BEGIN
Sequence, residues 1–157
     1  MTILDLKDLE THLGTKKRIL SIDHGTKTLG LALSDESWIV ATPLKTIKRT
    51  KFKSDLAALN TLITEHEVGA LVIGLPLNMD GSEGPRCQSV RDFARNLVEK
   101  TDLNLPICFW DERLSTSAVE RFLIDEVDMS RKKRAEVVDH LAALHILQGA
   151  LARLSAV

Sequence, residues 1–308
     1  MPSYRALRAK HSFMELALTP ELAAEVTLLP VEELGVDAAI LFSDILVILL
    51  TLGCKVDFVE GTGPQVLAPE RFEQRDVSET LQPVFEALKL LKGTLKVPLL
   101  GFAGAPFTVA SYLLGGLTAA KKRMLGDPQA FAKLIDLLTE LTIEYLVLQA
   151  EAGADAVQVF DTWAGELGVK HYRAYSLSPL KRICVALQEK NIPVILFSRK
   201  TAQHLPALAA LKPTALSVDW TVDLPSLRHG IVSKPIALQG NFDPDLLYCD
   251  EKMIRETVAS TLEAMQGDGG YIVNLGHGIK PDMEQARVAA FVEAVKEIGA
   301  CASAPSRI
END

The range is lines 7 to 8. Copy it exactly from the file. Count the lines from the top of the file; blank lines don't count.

     1  MPSYRALRAK HSFMELALTP ELAAEVTLLP VEELGVDAAI LFSDILVILL
    51  TLGCKVDFVE GTGPQVLAPE RFEQRDVSET LQPVFEALKL LKGTLKVPLL